Covid-19 antigen tests may not detect all cases of the novel coronavirus, but they could prove useful because they are inexpensive and people can use them at home, unlike other much less accessible tests, reports Scientific American.
An inexpensive coronavirus test that millions of Americans could use at a pharmacy, in a workplace or even at home could prove to be a vital asset in allowing people to return to jobs and school. Deborah Birx, the White House’s coronavirus-response coordinator, has called rapid antigen tests the “breakthrough innovation” that is needed to perform hundreds of millions of such assays a day. The remarks echoed her previous statements that antigen tests might be used to examine broad swaths of the public.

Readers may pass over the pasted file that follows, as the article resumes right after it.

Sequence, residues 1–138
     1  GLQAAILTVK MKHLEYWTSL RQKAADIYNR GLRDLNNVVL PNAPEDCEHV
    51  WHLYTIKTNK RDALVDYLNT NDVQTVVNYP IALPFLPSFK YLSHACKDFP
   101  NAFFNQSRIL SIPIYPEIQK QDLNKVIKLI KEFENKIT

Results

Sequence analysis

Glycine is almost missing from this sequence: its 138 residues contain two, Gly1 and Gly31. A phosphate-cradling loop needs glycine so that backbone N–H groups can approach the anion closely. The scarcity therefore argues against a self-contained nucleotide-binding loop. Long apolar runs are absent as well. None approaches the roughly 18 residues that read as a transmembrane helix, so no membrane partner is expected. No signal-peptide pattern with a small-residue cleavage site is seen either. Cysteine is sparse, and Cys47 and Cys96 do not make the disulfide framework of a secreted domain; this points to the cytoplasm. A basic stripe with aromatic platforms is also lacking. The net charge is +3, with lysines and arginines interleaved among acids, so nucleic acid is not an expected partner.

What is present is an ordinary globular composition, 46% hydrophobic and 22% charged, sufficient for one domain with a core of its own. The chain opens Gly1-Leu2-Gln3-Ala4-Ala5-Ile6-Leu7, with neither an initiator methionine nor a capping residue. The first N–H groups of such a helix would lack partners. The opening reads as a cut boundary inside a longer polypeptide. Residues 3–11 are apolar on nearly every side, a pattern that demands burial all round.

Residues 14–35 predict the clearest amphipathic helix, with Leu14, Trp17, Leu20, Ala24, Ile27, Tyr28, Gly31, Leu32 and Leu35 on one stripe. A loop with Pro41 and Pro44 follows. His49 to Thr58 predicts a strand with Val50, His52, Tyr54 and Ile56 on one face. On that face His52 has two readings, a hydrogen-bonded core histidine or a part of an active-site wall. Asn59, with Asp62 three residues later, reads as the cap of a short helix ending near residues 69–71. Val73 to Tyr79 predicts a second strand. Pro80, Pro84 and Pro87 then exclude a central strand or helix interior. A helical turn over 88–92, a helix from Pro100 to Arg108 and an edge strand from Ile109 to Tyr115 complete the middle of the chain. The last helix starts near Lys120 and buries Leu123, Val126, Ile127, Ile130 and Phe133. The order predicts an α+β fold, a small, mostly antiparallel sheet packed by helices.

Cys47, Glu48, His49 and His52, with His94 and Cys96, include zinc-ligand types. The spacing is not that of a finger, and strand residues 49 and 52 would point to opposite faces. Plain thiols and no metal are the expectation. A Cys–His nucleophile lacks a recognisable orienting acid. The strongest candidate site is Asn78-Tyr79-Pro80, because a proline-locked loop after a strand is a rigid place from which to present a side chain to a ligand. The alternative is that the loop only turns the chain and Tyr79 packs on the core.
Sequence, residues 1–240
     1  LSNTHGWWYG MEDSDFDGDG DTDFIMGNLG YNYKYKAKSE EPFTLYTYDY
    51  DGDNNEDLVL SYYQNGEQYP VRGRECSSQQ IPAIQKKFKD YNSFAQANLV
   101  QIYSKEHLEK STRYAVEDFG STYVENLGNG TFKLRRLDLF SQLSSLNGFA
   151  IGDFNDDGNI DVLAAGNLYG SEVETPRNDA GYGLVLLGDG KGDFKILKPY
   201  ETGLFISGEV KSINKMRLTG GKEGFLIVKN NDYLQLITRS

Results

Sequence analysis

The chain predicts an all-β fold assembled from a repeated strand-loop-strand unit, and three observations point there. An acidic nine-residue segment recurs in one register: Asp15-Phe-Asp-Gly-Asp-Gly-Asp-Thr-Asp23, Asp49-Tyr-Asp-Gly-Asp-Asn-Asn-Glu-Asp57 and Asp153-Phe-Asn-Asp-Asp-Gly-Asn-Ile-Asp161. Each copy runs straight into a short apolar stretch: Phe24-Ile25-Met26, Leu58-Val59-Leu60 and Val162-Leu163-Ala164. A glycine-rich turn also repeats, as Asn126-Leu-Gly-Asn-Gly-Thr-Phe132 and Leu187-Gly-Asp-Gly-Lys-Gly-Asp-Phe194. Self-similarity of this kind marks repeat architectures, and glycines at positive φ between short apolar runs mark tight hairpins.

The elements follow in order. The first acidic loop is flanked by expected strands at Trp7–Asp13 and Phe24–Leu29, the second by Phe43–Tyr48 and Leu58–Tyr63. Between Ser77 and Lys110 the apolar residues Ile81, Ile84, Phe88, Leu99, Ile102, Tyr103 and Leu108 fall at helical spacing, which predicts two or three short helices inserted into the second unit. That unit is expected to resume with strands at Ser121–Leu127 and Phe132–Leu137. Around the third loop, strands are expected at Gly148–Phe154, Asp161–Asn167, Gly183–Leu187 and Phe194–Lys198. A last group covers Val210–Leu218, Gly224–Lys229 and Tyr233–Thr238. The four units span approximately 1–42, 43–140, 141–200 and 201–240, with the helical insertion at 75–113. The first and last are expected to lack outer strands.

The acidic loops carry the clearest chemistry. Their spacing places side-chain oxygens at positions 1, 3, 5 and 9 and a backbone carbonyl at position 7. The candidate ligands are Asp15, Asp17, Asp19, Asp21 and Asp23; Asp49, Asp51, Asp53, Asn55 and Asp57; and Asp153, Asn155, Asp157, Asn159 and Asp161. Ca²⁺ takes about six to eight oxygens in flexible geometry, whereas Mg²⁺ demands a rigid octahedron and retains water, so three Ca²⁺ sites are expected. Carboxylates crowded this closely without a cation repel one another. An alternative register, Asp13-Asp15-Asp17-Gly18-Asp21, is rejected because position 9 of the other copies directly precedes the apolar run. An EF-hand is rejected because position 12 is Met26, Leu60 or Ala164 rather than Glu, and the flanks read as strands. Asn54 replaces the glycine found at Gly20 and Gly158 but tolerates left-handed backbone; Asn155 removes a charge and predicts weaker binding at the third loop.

The technique often involves a technology—called a lateral flow assay—similar to that employed in home pregnancy tests. In the test, an antibody can bind to one of the spike proteins (the antigens) that cover the surface of the virus like the spines on a puffer fish. The tests are inexpensive to produce and simple to use, and they deliver results in minutes. On September 28, several months after this story was originally published, the Trump administration announced a plan to distribute 150 million of these assays, developed by Abbott Laboratories. The test, called BinaxNOW, correctly identifies 97.1 percent of positive cases and 98.5 percent of negative cases, and it provides results in 15 minutes.
Read more in Scientific American.